India will transition out of widespread water deficit except in Madhya Pradesh where exceptional deficit is forecast through June. Surplus is forecast in western Andhra Pradesh, India’s southern tip, Odisha, Gujarat, the far north, the Ganges watershed, the Narmada River, central Nepal, and Bangladesh. Intense deficits will continue to emerge in Afghanistan, but diminish in Pakistan except for Karachi where conditions will be exceptional. After June, intense deficits will persist in Afghanistan while anomalies elsewhere in South Asia are expected to be relatively modest.
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Regions forecast to have significant water deficits for the 12-month period from January 2018 through December 2018 include: the US Southwest, Brazil, southern Venezuela, northern Africa, Gabon, Zambia, Finland, Saudi Arabia, Iraq, Iran, and Afghanistan. Areas with a forecast of significant water surplus include: Idaho, southern British Columbia, Tanzania, Hungary, southern Romania, and Ukraine. This Watch List is based on ISciences Water Security Indicator Model (WSIM) run on 10 April 2018.
Water surpluses in Rajasthan, India are forecast to transition to both deficit and surplus in the next few months, while surpluses in the eastern Ganges basin persist. Surpluses are also forecast for: Andhra Pradesh, Odisha, Chhattisgarh, Myanmar, Nepal, Bangladesh, and Bhutan. Deficits are forecast north of Delhi, in India’s southern tip, and in Sri Lanka. From January through March deficits in India’s north and south, Sri Lanka, Afghanistan, and Pakistan will diminish, but exceptional deficits are forecast in Gujarat.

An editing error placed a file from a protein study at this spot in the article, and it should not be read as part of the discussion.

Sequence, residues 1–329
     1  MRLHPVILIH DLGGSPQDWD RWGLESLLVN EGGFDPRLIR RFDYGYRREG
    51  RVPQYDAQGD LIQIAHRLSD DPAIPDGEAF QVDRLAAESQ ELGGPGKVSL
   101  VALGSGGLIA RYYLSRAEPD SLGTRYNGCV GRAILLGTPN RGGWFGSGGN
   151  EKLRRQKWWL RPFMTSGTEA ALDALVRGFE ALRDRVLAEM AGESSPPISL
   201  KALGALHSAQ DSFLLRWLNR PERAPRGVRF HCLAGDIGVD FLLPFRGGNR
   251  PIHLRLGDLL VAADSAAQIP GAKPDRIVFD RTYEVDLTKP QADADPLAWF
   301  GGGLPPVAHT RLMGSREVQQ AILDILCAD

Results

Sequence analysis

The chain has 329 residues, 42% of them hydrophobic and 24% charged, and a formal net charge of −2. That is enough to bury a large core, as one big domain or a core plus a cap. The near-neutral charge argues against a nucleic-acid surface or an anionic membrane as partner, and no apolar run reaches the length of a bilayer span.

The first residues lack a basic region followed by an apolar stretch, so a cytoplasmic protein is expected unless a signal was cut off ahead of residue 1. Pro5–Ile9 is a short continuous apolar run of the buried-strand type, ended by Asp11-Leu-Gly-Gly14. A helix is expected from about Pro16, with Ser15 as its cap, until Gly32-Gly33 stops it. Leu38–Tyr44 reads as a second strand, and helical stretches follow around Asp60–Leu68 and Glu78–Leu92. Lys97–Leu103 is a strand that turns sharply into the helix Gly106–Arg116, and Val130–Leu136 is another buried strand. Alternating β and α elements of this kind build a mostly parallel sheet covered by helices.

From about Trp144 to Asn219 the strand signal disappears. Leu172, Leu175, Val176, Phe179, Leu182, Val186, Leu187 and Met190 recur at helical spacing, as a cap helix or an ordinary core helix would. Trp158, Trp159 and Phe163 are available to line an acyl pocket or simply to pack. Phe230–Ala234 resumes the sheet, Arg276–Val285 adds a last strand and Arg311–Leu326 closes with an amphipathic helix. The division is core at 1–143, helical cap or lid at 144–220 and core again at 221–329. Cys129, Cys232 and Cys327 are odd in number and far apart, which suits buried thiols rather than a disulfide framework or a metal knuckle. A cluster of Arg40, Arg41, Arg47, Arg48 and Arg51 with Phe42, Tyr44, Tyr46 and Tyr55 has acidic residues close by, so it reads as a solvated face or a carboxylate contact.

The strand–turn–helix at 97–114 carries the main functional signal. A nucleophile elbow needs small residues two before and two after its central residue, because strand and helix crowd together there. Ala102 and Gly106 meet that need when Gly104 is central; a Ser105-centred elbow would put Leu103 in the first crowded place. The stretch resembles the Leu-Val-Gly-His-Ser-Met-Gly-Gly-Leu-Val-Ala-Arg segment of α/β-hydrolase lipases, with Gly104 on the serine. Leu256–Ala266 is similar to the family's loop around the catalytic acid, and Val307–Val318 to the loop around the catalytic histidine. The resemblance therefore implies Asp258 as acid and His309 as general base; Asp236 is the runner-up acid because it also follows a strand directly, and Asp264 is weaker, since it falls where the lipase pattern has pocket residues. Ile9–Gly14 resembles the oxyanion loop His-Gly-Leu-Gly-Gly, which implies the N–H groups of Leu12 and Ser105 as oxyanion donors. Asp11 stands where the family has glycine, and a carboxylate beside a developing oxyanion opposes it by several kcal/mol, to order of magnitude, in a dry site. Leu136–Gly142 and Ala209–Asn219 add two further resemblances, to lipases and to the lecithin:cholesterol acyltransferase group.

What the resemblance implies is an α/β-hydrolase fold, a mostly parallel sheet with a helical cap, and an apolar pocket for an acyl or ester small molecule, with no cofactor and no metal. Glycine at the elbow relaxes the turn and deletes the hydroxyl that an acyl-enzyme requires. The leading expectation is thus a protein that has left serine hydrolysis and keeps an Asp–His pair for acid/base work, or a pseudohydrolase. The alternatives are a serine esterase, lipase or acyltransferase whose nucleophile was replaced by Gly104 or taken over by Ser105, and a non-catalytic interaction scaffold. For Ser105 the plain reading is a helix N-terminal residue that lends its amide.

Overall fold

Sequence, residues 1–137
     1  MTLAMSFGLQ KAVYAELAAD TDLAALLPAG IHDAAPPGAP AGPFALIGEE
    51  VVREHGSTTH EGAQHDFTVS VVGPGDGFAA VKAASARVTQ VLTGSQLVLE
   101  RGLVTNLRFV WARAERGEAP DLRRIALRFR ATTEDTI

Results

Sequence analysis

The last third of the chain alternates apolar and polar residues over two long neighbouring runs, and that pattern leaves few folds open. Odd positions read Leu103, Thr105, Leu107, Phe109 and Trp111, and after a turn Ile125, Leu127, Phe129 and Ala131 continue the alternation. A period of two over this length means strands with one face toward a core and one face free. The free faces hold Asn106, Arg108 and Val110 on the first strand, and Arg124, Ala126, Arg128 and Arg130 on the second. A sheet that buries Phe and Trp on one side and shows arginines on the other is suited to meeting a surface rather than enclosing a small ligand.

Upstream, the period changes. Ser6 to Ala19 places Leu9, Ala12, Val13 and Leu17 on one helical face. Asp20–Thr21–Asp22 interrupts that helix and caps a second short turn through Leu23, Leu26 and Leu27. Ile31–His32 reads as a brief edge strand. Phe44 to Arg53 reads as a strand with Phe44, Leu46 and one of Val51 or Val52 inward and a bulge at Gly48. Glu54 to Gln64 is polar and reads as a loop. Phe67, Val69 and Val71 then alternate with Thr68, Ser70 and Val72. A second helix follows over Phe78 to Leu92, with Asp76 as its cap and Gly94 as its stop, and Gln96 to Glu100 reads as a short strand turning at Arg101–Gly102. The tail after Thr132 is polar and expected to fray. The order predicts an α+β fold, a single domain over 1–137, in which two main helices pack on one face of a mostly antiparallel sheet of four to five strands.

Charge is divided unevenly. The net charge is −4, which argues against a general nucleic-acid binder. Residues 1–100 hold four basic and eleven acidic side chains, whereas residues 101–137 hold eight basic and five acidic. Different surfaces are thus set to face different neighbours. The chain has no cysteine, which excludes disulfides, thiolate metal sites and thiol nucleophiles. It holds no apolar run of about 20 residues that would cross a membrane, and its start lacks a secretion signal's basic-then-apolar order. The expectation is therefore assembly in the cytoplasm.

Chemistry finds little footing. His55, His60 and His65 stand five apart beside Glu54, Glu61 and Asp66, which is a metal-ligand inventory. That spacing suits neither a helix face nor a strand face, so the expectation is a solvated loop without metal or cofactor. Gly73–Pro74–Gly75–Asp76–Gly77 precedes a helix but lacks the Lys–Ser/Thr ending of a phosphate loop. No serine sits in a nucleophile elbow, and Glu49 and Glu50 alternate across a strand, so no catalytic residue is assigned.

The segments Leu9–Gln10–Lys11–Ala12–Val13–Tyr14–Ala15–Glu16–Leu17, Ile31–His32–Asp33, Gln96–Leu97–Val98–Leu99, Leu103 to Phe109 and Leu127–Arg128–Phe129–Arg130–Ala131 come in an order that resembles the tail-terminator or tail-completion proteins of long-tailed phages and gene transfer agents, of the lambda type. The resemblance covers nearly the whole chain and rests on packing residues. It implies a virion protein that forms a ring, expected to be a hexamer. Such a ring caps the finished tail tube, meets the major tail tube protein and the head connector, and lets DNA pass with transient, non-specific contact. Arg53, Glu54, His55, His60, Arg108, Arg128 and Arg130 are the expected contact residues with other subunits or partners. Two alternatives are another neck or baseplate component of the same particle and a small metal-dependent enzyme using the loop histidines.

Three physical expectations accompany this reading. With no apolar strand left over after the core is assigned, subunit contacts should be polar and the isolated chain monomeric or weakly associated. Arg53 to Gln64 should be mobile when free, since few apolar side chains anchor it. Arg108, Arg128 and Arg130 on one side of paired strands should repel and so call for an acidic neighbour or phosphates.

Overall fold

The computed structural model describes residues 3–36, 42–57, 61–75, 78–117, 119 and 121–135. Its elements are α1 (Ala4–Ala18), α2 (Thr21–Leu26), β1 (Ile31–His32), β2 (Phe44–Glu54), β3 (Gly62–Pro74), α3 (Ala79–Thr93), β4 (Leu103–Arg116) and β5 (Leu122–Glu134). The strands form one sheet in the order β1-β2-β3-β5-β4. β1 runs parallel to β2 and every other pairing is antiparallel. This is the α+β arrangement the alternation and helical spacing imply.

Water surpluses are forecast to continue to emerge through May in India from southern Rajasthan along the Chambal River and its tributaries, eastward to the Yamuna River, to the Ganges River, and into Bangladesh. Surpluses are also forecast for Myanmar’s western coast through November and in Bangladesh through May. Deficits in southern India are forecast to become less severe after November, but deficits will emerge in Assam and surrounding states in the northeast. Deficits will persist in Gujarat through May becoming more severe from December on.
Water deficits are forecast for much of India, Pakistan, and western Afghanistan while surpluses are expected throughout Bangladesh, in central Nepal, Jammu and Kashmir, eastern Afghanistan, and western Sri Lanka. Deficits may be especially severe in July throughout India’s southern half. Moderate to extreme surpluses are expected in the Ganges Basin in July, and exceptional surpluses are forecast along the northern Indus through Punjab, Pakistan in July and August. Deficits are forecast to begin emerging in Bhutan, northeastern Indian states, and Myanmar in August and continue to emerge through March.
The forecast indicates a transition in India from widespread and exceptional water deficits throughout the country to surpluses in India’s western midsection, in the Ganges Basin, and near Chennai. Surpluses are also forecast in India’s northernmost states and in much of Bangladesh. In general, water surpluses are forecast for eastern Afghanistan and deficits in the west. Deficits are expected to persist in southern Pakistan, and both deficits and surpluses are expected in the north.
Widespread water deficits are forecast in India through May, with exceptional deficits from Gujarat through Rajasthan, and in India's southern tip. From June through November a transition to moderate surpluses is forecast across central India; deficits are expected in Assam. Flooding is forecast in August along the Gandaki River in Nepal.